UNDERWATER is a legitimately awesome mash-up of horror, sci-fi and disaster flick that really deserves a better title (I’ve come up with PRESSURE, BREATHE and THE DEPTHS OF HELL). It has already been completely dismissed by critics and audiences alike but that only puts it in the same company as THE THING, BLADE RUNNER and (yay) DEEP RISING (to name but a few). I guess I don’t exactly have my finger on the pulse of the nation because I absolutely dug it from ocean floor to ceiling. Besides being a non-stop thrill ride, it played me like a fiddle when it came to addressing issues like getting over a loved one’s death and the simple human art of always moving forward no matter how bleak things appear. There were also some nice nods to ALICE IN WONDERLAND (drowning in tears, “we’re all mad here” graffiti and a plush white toy rabbit) that I greatly approved of. Plus it’s got a sense of wonder and it’s often difficult to determine whether what you are beholding is hideous or beautiful. That’s a space I can’t resist.

UNDERWATER is the type of movie that had me physically straining my eyes to SEE more. There are all these murky depths and grainy textures and things flow in and out of frame in a magical way. The brightest bursts of fluorescent color occur in fields of gray-grunge and I thought it was all very painterly for an action dispenser. Without ruining anything, I simply was not prepared for the colossal scope the movie is ultimately capable of delivering. I found the climax to be pretty much breathtaking. The cast is uniformly excellent too with KRISTEN STEWART delivering a strangely calming resolve, the great VINCENT CASSEL as a deeper than you’d think captain and T.J. MILLER as the requisite sarcastic comic relief (props to JESSICA HENWICK, JOHN GALLAGHER JR. and poor, poor MAMOUDOU ATHIE as well). Don’t listen to anybody who carps about the characters being slight. I think if you actually listen to them and hear their backstories and motivations, they’re built about as well as they can be considering the time restraints. I’m sure they’ll only strengthen and gel further with multiple viewings.

UNDERWATER is way more original than it will ever be given credit for. Sure, it’s impossible to ignore its debt to ALIEN but geez, I’m fine with that. ALIEN owes IT! THE TERROR FROM BEYOND SPACE (1958) several beers and we all stand on the shoulders of those who came before us. Bring on a dozen more movies with such noble aspirations! I’m all on board. I proudly go on record saying that I adored UNDERWATER not as “schlocky fun” or a “guilty pleasure” but as a well-made survival adventure film (and perhaps the very first undersea creature feature that’s not stingy with its monster(s)). It’s a heart-pounding dive that doesn’t mind contemplating humanity’s arrogant need to elbow its way into spaces that we don’t belong and it doesn’t shirk away from the emotional ramifications of death. This is colossal, Lovecraftian-sized spellbinding horror. Trust me, you’re going to be sorry if you miss it while it’s playing on the big screen.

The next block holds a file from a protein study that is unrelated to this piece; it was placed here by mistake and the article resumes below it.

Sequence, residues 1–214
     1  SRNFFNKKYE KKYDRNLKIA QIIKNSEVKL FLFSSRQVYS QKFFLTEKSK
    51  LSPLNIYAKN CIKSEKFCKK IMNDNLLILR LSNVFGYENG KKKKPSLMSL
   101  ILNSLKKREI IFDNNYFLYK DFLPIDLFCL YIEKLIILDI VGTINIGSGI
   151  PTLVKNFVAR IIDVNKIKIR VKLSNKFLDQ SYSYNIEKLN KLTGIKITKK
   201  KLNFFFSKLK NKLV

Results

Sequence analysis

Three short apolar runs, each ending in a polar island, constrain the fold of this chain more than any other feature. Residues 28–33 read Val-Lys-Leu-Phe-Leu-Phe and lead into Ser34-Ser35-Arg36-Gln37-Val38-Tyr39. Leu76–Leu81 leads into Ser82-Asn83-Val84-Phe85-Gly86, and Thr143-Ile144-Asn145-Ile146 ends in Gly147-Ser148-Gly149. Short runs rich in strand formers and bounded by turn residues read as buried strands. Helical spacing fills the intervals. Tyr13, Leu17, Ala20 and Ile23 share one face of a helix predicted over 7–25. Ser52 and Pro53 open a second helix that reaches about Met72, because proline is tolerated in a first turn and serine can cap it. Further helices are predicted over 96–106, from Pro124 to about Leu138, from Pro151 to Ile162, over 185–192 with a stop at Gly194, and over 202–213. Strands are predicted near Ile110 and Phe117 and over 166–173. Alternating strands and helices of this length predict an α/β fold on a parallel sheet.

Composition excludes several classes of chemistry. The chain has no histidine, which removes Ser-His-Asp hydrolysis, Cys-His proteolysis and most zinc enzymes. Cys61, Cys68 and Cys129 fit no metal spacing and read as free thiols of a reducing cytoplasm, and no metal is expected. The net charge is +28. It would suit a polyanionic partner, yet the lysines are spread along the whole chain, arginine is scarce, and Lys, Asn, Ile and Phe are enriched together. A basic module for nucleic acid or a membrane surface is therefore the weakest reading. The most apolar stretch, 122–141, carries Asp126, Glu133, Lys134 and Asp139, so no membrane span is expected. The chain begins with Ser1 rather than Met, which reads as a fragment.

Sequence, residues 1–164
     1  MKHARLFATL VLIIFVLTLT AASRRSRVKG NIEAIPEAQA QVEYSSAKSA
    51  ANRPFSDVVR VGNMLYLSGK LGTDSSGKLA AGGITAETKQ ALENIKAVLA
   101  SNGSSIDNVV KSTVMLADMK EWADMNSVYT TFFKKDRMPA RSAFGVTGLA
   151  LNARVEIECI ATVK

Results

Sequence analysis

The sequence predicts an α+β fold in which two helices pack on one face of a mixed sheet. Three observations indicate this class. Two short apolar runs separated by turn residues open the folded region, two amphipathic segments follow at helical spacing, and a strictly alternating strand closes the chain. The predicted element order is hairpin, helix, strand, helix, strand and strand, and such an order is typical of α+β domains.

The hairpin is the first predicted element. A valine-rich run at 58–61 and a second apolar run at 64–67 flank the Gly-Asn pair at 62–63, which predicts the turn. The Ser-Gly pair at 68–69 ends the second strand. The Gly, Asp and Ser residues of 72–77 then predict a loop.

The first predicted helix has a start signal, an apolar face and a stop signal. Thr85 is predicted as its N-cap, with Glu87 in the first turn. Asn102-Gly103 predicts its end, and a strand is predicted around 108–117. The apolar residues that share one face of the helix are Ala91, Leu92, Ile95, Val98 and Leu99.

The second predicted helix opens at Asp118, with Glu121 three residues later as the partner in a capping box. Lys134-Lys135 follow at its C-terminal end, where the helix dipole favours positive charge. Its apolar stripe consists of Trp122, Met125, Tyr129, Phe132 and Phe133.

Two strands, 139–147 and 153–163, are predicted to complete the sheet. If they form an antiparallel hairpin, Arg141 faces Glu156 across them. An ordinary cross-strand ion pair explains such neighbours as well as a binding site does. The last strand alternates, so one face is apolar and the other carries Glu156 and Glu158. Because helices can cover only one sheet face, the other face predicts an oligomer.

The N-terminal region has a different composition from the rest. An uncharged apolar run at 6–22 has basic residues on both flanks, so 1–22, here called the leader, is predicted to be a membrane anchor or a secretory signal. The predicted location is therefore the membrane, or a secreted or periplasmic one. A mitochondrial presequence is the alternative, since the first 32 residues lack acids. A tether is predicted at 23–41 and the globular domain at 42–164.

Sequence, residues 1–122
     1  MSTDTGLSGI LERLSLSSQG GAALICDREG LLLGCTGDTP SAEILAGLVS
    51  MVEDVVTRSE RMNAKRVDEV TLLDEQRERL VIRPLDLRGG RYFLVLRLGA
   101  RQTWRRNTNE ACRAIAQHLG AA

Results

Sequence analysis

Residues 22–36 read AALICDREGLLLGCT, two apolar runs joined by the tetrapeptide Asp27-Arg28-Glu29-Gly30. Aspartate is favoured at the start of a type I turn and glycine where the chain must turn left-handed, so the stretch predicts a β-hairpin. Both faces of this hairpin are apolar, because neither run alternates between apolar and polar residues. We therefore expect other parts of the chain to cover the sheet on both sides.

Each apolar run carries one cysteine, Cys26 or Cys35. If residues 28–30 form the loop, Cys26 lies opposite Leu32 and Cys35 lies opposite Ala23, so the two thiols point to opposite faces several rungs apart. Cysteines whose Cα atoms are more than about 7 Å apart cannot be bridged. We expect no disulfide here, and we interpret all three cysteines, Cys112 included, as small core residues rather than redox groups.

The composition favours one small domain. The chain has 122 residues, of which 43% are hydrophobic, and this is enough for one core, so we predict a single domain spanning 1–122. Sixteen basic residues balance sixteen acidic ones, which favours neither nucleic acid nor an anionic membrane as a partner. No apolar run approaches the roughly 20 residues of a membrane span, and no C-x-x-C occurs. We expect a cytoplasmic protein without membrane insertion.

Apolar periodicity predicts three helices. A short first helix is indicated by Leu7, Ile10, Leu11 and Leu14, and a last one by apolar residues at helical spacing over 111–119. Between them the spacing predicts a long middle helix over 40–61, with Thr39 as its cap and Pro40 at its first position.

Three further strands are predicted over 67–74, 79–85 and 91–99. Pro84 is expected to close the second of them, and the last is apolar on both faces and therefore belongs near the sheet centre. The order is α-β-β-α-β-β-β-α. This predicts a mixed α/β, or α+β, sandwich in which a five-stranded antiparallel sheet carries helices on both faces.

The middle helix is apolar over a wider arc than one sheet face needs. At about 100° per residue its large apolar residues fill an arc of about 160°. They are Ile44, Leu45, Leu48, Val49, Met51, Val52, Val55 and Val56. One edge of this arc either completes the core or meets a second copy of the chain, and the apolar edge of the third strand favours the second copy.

Black Christmas (2019)

I was excited when I heard Blumhouse was going to remake BLACK CHRISTMAS considering the respectful way they were able to help the HALLOWEEN franchise up on its feet and send it in a well-received and fruitful direction. Then the trailer popped up online and my faith buckled a bit because it looked sorta drab and it couldn’t stop telling on itself. I refused to give up the ghost entirely though because I recalled how I judged the 2006 remake too harshly at first and then went on to learn to love its various charms and ignore its bizarre missteps. Well, it turns out the ill feelings the trailer left me with were sort of prophetic. After an enjoyably retro campus-slasher opening, it manages to be sufficiently entertaining for some time only to careen full force into a stupendously silly conclusion. I wish I could say its fearlessly off the wall wind-up rendered it goofy fun but since it spends much time gnawing serious issues early on, it feels more like self-sabotage.